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Kalatozov’s “I Am Cuba” and the Search for Leninist Faith

April 28, 2010

Soviet filmmakers Mikhail Kalatozov and Sergei Urusevsky were just beginning their artistic careers when the Stalinist command system eradicated the chaotic cultural spontaneity of the Soviet 1920s. Under the evolving principles of Socialist Realism, the avant-garde habits of formalist exuberance and participatory creative revolutionism  were replaced by the signal virtue of “party-mindedness”—a mental state best measured by one’s fraught adherence to a shifting Party line. The heroic period of Soviet art had come to an end, but it left a phantom trail of aesthetic and spiritual inspiration that decades later would help shape the great works of post-Stalin cinema.

In their 1964 film, I Am Cuba, Kalatozov and Urusevsky implicitly hold the lost spirit of the Soviet 1920s up to the mirror of late 1950s Cuba. They look longingly upon the idealism of the Cuban revolutionaries and the shimmering surfaces of the erstwhile bourgeois city and ask: Can we believe like revolutionaries, produce like capitalists, and share like socialists? Can the Soviet Union deliver on the Russian Revolution’s promises of purpose, justice, and plenty? Cuba, alas, offers inspiration without answers, and the filmmakers—like their 1920s predecessors—wander beyond ideology into a sort of phenomenology of seeing. Revolutionary outcomes remain a mystery, but revolutionary art endures as a palliative pleasure and an emissary of hope.

Kalatozov and Urusevsky understood well that socialist modernization belonged to the category of faith. The technical fetishes of the 1920s, the militant atheism, the loudly proclaimed search for “scientific” solutions in everything from economics to poetry, were all part and parcel of a young faith, a search for ecstatic self-transcendence; the manifestos of 1920s artistic groups read like shamanistic incantations: there is a worshipful primitivism underpinning the future-worship of young post-revolutionary leftists. Dziga Vertov’s Kino Eye group called for “the emancipation of the camera, which is reduced to a state of pitiable slavery, of subordination to the imperfections and thes hortsightedness of the human eye,” and went on to declare their allegiance to “the camera as a kino-eye, more perfect than the human eye.” (Michaelson, 1984, pp. 13-14)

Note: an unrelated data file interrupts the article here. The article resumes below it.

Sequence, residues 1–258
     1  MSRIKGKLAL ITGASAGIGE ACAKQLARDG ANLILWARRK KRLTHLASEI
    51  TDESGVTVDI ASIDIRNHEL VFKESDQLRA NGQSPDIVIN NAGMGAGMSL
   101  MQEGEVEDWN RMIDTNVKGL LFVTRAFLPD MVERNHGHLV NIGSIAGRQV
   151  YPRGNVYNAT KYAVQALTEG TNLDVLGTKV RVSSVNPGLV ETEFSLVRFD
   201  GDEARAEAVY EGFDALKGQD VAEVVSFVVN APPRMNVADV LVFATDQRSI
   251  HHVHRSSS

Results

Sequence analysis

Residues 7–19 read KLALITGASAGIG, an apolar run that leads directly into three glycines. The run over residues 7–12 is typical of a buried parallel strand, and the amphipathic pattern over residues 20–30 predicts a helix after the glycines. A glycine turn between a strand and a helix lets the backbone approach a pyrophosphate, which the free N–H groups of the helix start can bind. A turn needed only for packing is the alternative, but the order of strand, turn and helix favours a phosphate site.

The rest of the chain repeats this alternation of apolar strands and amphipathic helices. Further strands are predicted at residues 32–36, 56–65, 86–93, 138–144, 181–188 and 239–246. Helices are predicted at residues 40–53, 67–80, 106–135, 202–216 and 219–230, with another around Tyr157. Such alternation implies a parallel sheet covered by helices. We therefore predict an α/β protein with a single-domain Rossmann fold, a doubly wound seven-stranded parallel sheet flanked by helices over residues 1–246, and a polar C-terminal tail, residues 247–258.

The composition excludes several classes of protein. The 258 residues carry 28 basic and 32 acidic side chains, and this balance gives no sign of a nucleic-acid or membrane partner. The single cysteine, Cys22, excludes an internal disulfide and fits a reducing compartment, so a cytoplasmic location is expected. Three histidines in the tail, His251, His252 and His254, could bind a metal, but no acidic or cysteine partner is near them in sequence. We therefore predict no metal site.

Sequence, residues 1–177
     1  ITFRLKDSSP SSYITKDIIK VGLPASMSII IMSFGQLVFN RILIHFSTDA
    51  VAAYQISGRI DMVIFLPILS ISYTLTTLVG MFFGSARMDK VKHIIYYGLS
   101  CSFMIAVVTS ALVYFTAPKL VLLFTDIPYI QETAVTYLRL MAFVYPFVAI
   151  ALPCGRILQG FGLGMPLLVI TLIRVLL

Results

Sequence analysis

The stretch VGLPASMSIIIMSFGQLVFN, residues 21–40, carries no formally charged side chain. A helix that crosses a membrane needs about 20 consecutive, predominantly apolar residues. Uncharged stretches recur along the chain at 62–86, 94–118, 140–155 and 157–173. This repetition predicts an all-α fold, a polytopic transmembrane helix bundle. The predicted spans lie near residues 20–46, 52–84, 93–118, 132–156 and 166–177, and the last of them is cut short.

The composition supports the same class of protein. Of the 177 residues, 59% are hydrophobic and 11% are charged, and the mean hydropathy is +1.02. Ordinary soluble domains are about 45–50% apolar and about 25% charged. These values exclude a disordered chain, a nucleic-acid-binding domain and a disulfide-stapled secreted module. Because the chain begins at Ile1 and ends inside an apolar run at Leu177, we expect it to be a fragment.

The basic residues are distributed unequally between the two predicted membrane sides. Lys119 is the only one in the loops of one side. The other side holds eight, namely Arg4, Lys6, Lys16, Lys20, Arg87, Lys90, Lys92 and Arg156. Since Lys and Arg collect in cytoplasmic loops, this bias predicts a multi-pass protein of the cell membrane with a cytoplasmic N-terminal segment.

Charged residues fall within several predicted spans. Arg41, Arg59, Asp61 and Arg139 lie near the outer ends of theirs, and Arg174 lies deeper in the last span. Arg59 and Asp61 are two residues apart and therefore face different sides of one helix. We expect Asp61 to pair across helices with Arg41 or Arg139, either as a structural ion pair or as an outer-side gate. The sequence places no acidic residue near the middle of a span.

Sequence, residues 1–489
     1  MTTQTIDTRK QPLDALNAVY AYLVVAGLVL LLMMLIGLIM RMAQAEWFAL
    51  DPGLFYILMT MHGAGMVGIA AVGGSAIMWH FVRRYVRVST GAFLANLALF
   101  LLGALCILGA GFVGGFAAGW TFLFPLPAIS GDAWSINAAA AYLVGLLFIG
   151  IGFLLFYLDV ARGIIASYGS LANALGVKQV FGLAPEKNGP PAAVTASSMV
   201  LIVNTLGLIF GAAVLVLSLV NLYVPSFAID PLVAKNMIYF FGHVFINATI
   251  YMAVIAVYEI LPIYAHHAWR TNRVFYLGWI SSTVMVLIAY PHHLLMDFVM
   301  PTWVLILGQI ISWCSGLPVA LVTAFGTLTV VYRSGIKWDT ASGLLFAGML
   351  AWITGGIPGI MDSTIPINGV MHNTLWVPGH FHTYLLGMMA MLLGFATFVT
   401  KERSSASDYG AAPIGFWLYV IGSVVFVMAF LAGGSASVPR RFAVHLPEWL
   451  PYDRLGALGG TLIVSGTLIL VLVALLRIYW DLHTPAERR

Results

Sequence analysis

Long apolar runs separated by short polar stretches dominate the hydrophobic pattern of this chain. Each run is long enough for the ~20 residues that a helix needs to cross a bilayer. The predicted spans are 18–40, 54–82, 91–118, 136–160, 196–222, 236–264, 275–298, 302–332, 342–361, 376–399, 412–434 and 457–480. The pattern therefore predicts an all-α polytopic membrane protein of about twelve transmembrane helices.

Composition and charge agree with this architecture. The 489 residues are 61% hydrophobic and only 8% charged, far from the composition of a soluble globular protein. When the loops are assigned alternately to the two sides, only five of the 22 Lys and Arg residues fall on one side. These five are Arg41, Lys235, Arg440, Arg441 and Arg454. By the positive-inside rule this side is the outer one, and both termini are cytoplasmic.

This spiritualization of Leninism had deep roots.  For many Russians, the Communist promise of an eventual utopia beyond labor and the tyranny of rational time was a renewal of a complex of ancient, unsinkable millennial hopes sometimes summed up as “The Russian Idea.” During the 19th century, Russia’s great intellectual debate was between those who advocated a Western path of development—the Westernizers—and those who believed that Russia had its own path, based on the Orthodox ideal of conjunctive togetherness and the values of the peasant commune —the Slavophiles (Riazanovsky, 1965). In Weberian terms, the Westernizers believed in a rational-legal basis of socio-political legitimacy, while the Slavophiles preferred a mix of traditional and charismatic legitimacy (Hanson, 1997).

The genius of Soviet Marxism-Leninism lay in its ability, as an atheist ideology, to somehow co-opt the idealism of both rational-legal Westernizers and charismatic-religious Slavophiles and create a new faith that promised to redeem Russia.  Communism was a supra-national ideology of modernization, but its appeal lay in its connection with national myth: the new ideology would allow Russia to fulfill its prophesied role as the “Third Rome”, the leader of the world, at once exceptional and exemplary, and to create an entirely just, secularly holy society. Within the early Communist movement there was even a group of writers and thinkers who called themselves the God Builders and wanted to make the ideology’s implicit religious parallels explicit. Lenin was not amused, though he did make one of the leading God-Builders, Anatoly Lunacharsky, his first Commissar of Enlightenment.

The Stalin era replaced the unifying ideal with the unifying leader, and replaced enthusiastic quasi-religious participation in the process of Communist modernization with compulsory, quasi-religious obedience to the word of the master. The nostalgic connection with the ancient Russian dream of sobornost’–an organic, cooperative togetherness in which individual expression and community goals are mutually supportive—was severed. The Stalin synthesis made it clear that the path to progress necessitated the effacement of self. Stalinist modernization was new without offering renewal. While convincing arguments have been made that Stalin’s program was the logical next step in the unfolding and realization of the logic of Marxism-Leninism, the culture of high Stalinism, from the mid-1930 until his death in 1953, could not be more distant from the chaotic cultural energy of the  Soviet 1920s.

And it was precisely this energy, more than even the most hopeful interpretation of Lenin’s voluminous written record, for which the post-Stalin intelligentsia—the communicators—was nostalgic. It would be their job to return the energy of Leninist modernization theory to their own countrymen—to make of their country an inspirational beacon for countries around the world. By the end of the 1950s, Russians were prepared to revisit the Revolution and reinvigorate their revolutionary idealism. The Cuban Revolution offered a perfect transnational metaphor. As Genis and Vail (1996, p. 59) write, “The Cuban Revolution became a metaphor not only for the October Revolution, but for its contemporary reincarnation—the liberal, Thaw revolution of the 1960s.”

Greg Blake Miller

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